Like After the Thin Man, Another Thin Man would also feature two actors who would go onto appear in It's a Wonderful Life. Sheldon Leonard played Nick the Bartender in It's a Wonderful Life. In Another Thin Man he plays a much more sinister character, Phil Church, who has been threatening Colonel McFay (C. Aubrey Smith).  Phil Church has very little in common with Nick, as he is even more menacing than Nick was in the reality in which George Bailey was never born! In addition to Sheldon Leonard, one of the police detectives in Another Thin Man is also played by an actor with a minor role in It's a Wonderful Life. Dick Elliot played the man on the porch who urged George Bailey to kiss Mary Bailey "...instead of talking her to death" and then complains, "Youth is wasted on the wrong people!"

Like After the Thin Man, Shadow of the Thin Man featured one of the leads of It's a Wonderful Life. Donna Reed played Molly Ford, girlfriend of the murder victim, Paul Clarke (Barry Nelson). Miss Reed would be the only actor in Shadow of the Thin Man who would go onto appear in It's a Wonderful Life, but the next "Thin Man" movie would make up for this. No less than three actors who would appear in It's A Wonderful Life appeared in The Thin Man Goes Home, although none of them would be in major roles. Sara Edwards, who played Mary's mother (Mrs. Hatch) in It's a Wonderful Life, played a passenger on a train. Tom Fadden, who played the bridge caretaker in It's a Wonderful Life, played another train passenger. Charles Halton, who played Carter the Bank Examiner in It's A Wonderful Life, had a slightly larger role as R. T. Tatuam, one of the employees of banking tycoon Sam Ronson (Minor Watson).

Song of the Thin Man would be the last "Thin Man" film, but like After the Thin Man, Shadow of the Thin Man, and Another Thin Man, it would have a very strong link to It's a Wonderful Life. Gloria Grahame, Violet Bick herself, played Fran Page, a very sultry jazz singer. Al Bridge, who appeared as the sheriff in It's a Wonderful Life, appeared as Nagle the Waterfront Policeman. Charles Sullivan, who played a bartender at Nick's in the reality in which George Bailey was not born, played a police sergeant.

As can be seen, it's not a simple case of character actors appearing in minor roles in both the "Thin Man" series and It's a Wonderful Life. The two leads of It's a Wonderful Life each appeared in a  "Thin Man" movie (Jimmy Stewart in After the Thin Man and Donna Reed in Shadow of the Thin Man). Two important members of It's a Wonderful Life also appeared in "Thin Man" movies--Sheldon Leonard in Another Thin Man and Gloria Grahame in Song of the Thin Man. One major member of the cast of It's a Wonderful Life appeared in a minor role in a "Thin Man" movie--Ward Bond in a bit part in After the Thin Man. And then there are the bit players who appeared in small roles in both the "Thin Man" series and It's a Wonderful Life: Dick Elliot, Sam Edwards, Charles Halton, and so on. Even discounting the fact that Hackett and Goodrich wrote the first two movies, there is never anything less than one degree of separation between any given "Thin Man" movie and It's a Wonderful Life.

Today it must seem unusual for so many actors who would go onto appear in It's a Wonderful Life to have appeared in "Thin Man" films. It would be something like several members of the cast of, say, Serendipity (2001) having appeared in "James Bond" movies (admittedly it's hard seeing John Cusack saying "I expect you to die, Mr. Bond...."). What is even more remarkable it that the "Thin Man" movies and It's a Wonderful Life were produced by two different studios--the "Thin Man" movies by MGM and It's a Wonderful Life by Capra's own Liberty Films. It becomes even more remarkable when one considers that Frank Capra had not even worked for MGM by the time It's a Wonderful Life  was produced. Why then are there so many connections between the "Thin Man" films and It's a Wonderful Life?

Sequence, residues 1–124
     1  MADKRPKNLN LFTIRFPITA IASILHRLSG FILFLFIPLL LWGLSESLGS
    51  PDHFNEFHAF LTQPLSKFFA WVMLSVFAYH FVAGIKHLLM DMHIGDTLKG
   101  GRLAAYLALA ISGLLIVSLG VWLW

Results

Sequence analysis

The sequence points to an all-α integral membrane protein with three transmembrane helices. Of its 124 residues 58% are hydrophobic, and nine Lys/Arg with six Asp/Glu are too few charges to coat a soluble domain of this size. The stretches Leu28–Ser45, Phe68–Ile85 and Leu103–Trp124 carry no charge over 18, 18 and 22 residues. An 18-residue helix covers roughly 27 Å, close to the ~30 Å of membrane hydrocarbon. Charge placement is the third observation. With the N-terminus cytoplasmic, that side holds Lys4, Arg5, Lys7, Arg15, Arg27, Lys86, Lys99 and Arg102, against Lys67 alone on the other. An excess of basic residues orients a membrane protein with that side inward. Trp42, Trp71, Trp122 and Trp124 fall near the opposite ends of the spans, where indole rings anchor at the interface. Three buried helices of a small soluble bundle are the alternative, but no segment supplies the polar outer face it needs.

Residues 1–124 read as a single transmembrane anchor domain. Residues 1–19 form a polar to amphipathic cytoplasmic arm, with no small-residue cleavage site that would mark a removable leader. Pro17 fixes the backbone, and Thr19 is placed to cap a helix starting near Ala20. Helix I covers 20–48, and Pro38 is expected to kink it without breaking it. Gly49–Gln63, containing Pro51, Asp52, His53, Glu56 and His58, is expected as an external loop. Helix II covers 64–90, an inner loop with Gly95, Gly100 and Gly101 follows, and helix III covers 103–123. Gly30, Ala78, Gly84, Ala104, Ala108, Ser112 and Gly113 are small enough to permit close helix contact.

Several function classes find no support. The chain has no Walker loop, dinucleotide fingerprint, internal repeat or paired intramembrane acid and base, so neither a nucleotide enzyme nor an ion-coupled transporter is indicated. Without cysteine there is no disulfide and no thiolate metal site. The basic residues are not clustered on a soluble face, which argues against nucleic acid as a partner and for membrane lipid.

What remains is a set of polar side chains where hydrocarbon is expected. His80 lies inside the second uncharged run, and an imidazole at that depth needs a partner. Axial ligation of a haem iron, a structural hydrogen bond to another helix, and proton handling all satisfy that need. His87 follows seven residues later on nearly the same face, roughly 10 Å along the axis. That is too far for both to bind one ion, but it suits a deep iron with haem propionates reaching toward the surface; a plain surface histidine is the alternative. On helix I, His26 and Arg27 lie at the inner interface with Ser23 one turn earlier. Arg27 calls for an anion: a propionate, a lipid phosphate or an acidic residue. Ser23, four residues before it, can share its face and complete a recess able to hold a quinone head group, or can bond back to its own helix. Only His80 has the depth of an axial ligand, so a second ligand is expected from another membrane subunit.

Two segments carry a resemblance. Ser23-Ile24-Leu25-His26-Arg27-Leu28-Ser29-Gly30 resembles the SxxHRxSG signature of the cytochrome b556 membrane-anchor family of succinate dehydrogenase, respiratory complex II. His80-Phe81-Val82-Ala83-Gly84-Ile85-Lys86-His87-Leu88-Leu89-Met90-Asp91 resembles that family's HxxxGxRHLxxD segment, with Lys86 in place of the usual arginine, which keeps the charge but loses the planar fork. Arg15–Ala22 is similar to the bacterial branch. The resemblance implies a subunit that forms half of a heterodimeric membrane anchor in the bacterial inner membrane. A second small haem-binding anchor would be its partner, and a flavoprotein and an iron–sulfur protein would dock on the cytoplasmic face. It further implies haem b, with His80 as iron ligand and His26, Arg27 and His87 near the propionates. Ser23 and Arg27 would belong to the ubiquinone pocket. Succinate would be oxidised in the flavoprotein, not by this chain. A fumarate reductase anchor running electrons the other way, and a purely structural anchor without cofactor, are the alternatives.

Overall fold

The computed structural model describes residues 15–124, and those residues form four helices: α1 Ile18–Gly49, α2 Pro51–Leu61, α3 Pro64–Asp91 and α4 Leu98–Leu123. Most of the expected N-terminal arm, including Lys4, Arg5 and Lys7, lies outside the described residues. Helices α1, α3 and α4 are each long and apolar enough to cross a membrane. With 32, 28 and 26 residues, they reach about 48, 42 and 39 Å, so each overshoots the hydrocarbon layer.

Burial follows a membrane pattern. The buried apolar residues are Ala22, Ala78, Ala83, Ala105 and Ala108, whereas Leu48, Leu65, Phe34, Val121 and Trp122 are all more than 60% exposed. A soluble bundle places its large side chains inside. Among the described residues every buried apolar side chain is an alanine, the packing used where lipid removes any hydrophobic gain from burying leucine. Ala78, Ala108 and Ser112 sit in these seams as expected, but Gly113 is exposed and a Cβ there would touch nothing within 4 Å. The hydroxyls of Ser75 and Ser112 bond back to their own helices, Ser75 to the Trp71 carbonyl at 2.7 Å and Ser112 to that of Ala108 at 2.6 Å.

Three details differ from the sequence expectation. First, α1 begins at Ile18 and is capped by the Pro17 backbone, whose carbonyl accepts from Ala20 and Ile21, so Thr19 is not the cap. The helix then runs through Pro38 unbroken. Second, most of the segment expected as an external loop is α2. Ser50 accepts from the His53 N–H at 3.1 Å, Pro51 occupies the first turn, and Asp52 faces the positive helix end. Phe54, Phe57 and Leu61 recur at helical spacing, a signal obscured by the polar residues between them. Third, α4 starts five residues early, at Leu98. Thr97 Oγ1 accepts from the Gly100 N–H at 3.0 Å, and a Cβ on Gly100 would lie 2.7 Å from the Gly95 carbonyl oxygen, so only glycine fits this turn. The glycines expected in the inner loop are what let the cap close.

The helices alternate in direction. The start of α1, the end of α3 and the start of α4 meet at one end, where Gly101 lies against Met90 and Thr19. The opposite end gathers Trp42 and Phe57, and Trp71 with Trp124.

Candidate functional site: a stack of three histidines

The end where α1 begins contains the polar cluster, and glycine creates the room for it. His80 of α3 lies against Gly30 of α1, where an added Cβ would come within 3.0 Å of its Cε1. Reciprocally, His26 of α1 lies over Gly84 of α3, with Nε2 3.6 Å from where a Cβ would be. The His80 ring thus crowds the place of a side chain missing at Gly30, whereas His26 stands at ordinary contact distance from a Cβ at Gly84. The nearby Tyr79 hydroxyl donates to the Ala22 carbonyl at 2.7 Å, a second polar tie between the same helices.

Much of it is the fact that the "Thin Man" movies were the "James Bond" movies of their day. While most series films were cheaply produced programmers, the "Thin Man" movies were very much "A" pictures. This meant that not only were the leads played by big name stars (William Powell and Myrna Loy), but that MGM would use the best of their young talent. Jimmy Stewart, Donna Reed, and Gloria Grahame were probably all cast because they were seen as up and coming stars by the studio. Frank Capra, as a director of some importance, would naturally cast big names as his leads in It's a Wonderful Life. Indeed, he had worked with Jimmy Stewart on Mr. Smith Goes to Washington. As to character actors such as Sheldon Leonard and Dick Elliot, it should come as no surprise that they would appear in both the "Thin Man" movies and It's a Wonderful Life. First, we must consider the fact that character actors generally played a specific type. Sheldon Leonard was known for playing thugs and gangsters, so he was a natural choice for Phil Church. Now he might seem like an odd choice to play Nick the Bartender, except when one considers Nick's  behaviour in the reality in which George was not born--he was not a nice guy. Second, character actors tended to work frequently and in a wide array of  movies, everything from programmers to major feature films. While the leads of It's a Wonderful Life appear in two "Thin Man" movies, many of the actors who played lesser parts probably appeared in other series as well. In other words, It's a Wonderful Life probably has connections to everything from "The Falcon" series to the "Blondie" series (actually, it has at least one connection to the "Blondie" series--Penny Singleton appears in a major role in After the Thin Man).

Regardless, when one becomes aware of the connections between It's a Wonderful Life and the "Thin Man" movies it makes for some rather interesting viewing. Indeed, my favourite could well be After the Thin Man. Not only do we get to see George Bailey as a psychotic killer, but we get to see Bert The Cop as a party guest. One has to wonder what the folks in Bedford Falls would think....

Tuesday, 27 December 2011

Holiday Movies That Aren't Holiday Movies